The temperature is –7 °C (19 °F). Approximately 200 Marines from the U.S. Marine Corps are standing in line, waiting for the British instructors to push them into the freezing water. This is the first time a Marine infantry battalion has conducted cold weather training in Norway, and some of the Marines have never even seen snow before. Now they will learn how to get out of the water after breaking through the ice.
While some of the Marines are sceptical, others are looking forward to the ice breaking drill.
"I expect it to be cold, but we are well-trained. I also feel I can trust the instructors," says Lance Corporal Andrew Tatro right before hitting the icy water.
Watch the video at the top to see how Tatro tackled the cold water.
The purpose of the training in Northern Norway is to learn how to operate safely and effectively in cold weather. They are also preparing for the Norwegian exercise Cold Response next month.
"We are here to learn cold weather training, and how to survive in this rough environment. This icebreaking drill is an absolute critical lifesaving skill that we need to know," says Lieutenant Colonel Justin J. Ansel, Commanding Officer for the American Black Sea Rotational Force.
More cold weather
After the winter training in Finnmark, the battalion will travel to Central Norway to participate in Cold Response. There they will be attached to the Norwegian Army's Brigade Nord.
"My expectations are that we continue to learn and work with our fantastic allied partners, to see how they operate, and for them to understand how we operate and ideally learn from each other," says Ansel.
The U.S. Marines are using the Allied Training facilities at the Garrison of Porsanger while conducting their winter training.
"The training facilities here are absolute world-class, from the barracks where we are living, to the chow hall where we eat, to this beautiful landscape," he ads.
|2016-02-11 Dag1_Porsanger2||2016-02-11 Dag1_Porsanger2||http://forsvaret.no/media/PubImages/2016-02-11 Dag1_Porsanger2.JPG||http://forsvaret.no/media/PubImages/Forms/DispForm.aspx?ID=5431||Eit iskaldt møte med vatnet. Foto: Anna Elisabeth Martinsen||An icy encounter with the water. Photo by Anna Elisabeth Martinsen|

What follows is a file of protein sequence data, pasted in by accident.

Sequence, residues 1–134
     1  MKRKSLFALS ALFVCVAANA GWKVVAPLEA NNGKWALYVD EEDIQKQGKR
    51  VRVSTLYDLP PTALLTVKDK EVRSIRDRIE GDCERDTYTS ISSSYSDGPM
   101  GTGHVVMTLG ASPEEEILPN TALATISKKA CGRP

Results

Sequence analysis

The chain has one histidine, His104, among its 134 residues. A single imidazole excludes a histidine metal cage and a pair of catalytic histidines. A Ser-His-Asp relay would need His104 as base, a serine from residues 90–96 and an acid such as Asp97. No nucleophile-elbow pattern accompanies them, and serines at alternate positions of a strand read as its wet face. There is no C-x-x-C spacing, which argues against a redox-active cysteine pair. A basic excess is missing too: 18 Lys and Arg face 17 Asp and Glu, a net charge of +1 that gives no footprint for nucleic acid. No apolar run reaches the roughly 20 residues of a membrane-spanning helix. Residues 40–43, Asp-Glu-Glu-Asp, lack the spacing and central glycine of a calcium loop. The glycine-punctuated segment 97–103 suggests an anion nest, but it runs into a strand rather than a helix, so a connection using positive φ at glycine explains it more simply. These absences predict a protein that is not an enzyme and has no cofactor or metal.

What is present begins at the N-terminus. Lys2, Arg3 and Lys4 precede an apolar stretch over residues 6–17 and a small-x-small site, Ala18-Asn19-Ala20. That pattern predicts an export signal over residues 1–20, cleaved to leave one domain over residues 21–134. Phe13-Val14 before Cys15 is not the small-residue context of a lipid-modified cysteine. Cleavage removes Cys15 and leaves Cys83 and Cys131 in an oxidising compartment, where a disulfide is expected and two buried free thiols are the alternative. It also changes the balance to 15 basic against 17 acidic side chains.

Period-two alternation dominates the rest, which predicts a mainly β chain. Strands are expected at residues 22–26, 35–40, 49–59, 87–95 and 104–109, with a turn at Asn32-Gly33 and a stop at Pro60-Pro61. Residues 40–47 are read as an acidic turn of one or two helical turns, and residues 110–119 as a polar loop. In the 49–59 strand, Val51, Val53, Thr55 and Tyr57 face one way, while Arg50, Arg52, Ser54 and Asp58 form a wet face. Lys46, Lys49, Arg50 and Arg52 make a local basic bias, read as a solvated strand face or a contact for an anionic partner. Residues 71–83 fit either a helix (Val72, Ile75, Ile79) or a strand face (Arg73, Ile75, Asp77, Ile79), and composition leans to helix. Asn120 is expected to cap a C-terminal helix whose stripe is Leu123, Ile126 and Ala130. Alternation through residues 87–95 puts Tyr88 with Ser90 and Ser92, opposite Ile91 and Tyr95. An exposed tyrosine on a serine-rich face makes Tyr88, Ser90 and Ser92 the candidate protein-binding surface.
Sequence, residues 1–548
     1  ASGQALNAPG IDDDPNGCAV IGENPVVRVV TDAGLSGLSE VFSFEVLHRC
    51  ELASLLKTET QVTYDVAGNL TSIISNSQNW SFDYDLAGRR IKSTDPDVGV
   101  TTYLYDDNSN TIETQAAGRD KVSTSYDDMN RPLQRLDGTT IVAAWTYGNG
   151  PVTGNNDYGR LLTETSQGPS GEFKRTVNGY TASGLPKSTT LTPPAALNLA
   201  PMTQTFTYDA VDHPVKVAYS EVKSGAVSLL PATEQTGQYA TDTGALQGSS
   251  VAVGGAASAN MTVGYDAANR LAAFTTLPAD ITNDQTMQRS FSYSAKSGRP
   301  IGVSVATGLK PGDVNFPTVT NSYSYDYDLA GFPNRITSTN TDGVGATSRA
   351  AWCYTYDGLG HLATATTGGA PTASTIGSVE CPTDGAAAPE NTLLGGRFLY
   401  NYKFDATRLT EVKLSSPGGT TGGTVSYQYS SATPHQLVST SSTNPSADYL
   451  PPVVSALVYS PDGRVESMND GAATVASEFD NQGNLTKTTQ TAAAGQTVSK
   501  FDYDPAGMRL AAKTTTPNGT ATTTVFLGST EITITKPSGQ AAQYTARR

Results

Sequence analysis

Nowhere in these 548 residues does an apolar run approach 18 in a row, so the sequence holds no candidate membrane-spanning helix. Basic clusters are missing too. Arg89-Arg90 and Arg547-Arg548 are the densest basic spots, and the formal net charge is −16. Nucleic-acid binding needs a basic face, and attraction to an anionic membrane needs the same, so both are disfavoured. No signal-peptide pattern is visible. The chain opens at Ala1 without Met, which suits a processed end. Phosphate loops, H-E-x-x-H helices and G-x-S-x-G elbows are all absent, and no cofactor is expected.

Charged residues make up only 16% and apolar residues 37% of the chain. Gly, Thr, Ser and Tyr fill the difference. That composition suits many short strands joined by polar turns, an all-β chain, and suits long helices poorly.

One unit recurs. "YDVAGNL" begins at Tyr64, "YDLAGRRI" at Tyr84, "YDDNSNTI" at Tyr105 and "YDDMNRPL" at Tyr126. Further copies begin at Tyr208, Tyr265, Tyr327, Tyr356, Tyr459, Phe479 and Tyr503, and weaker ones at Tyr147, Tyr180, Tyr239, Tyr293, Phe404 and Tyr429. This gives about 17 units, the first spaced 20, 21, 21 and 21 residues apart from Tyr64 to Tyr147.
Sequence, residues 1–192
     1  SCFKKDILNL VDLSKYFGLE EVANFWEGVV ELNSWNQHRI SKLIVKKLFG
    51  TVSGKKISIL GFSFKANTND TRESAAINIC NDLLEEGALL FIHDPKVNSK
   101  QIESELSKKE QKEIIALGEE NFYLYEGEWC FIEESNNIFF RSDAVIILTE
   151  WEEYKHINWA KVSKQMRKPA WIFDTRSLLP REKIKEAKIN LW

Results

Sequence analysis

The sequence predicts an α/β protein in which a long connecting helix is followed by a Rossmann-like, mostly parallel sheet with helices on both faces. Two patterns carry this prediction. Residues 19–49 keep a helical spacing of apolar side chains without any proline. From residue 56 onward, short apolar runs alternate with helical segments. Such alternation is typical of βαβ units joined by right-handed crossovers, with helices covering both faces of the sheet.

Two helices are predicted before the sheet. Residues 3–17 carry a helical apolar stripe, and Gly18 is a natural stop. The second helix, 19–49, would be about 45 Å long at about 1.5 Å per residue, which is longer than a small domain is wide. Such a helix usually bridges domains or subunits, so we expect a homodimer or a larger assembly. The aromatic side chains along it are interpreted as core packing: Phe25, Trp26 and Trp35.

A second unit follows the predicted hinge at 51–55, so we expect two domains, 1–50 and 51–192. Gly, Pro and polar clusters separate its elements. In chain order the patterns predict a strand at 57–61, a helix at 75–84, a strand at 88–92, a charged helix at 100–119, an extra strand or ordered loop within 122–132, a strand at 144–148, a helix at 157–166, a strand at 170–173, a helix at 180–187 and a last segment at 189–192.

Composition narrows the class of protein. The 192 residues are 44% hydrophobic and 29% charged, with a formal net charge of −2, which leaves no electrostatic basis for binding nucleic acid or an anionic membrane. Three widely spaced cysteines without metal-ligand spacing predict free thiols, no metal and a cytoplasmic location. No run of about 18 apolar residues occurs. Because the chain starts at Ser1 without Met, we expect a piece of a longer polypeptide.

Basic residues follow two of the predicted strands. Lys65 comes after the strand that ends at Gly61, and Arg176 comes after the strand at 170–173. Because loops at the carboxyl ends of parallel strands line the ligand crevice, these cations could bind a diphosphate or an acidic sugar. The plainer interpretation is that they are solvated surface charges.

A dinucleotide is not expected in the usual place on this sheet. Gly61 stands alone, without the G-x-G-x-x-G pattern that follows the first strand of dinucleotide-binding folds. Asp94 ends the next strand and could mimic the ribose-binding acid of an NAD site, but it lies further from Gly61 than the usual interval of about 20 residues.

|2016-02-11 Dag1_Porsanger24||2016-02-11 Dag1_Porsanger24||http://forsvaret.no/media/PubImages/2016-02-11 Dag1_Porsanger24.JPG||http://forsvaret.no/media/PubImages/Forms/DispForm.aspx?ID=5432||Frå isbadingsøvinga i Porsanger. Foto: Anna Elisabeth Martinsen||From the ice breaking drill in Finnmark, Norway. Photo by Anna Elisabeth Martinsen|
|A US Marine in freezing water during an ice breaking drill/En amerikansk marineinfanterist i iskaldt vann under en isbadingdrill||A US Marine in freezing water during an ice breaking drill/En amerikansk marineinfanterist i iskaldt vann under en isbadingdrill||http://forsvaret.no/media/PubImages/2016-02-11 USMC and Royal Marines winter training at Porsanger_131.jpg||http://forsvaret.no/media/PubImages/Forms/DispForm.aspx?ID=5433||Ein amerikanar i det iskalde vatnet under isbadingsdrillen i Porsanger. Foto: Ina Nyås Moe||A U.S. Marine in the freezing water during an ice breaking drill in Finnmark, Norway. Photo by Ina Nyås Moe|
|En amerikansk marineinfanterist er på vei ut o det iskallde vannet under en isbadingdrill/A US Marine is on his way into the freezing water during an ice breaking drill/E||En amerikansk marineinfanterist er på vei ut o det iskallde vannet under en isbadingdrill/A US Marine is on his way into the freezing water during an ice breaking drill/E||http://forsvaret.no/media/PubImages/2016-02-11 USMC and Royal Marines winter training at Porsanger_171.jpg||http://forsvaret.no/media/PubImages/Forms/DispForm.aspx?ID=5434||Ein amerikansk soldat er på veg ut i det iskalde vatnet under en isbadingsdrill i Porsanger. Foto: Ina Nyås Moe||A U.S. Marine on his way into the freezing water during an ice breaking drill in Finnmark, Norway. Photo by Ina Nyås Moe|
Mountain Leader instructors from the United Kingdom Royal Marines Commandos are responsible for training the Americans in Northern Norway. The British will teach the U.S. Marines how to ski, how to use snowshoes and how to build a snow cave. An avalanche course is also a part of the training program.
"Our main objective for the Marines is to initially teach them how to survive in this climate. Then we move onto teaching them how move across snow-covered and frozen terrain and finally teach them tactics on how to fight," says Warrant Officer Liam Dowthwaite, chief instructor Cold Weather Training Group.
The British Mountain Leader’s started conducting cold weather operations in 1942. More recently, the Royal Marines have been working in Norway consecutively since 1969, with the Mountain Leaders spending the last eight years based in Porsangmoen.
Warrant Officer Dowthwaite says the British Marines have a close bond to the Allied Training Centre, and that the Norwegian personnel there have taught them how to ski.
"Norway is the closest place to train in cold weather," he adds.
Dowthwaite also points out that Norway has snowy conditions and often 15 degrees, and is therefore ideal for winter training. The cold knowledge will also be useful outside Norway. Approximately 70 per cent of the world's surface is subject to some form of cold weather fluctuation.
"We are talking about temperatures from plus three degrees Celsius, down to really extreme sub-zero conditions. The skills we learn here, can be used elsewhere," says the chief instructor.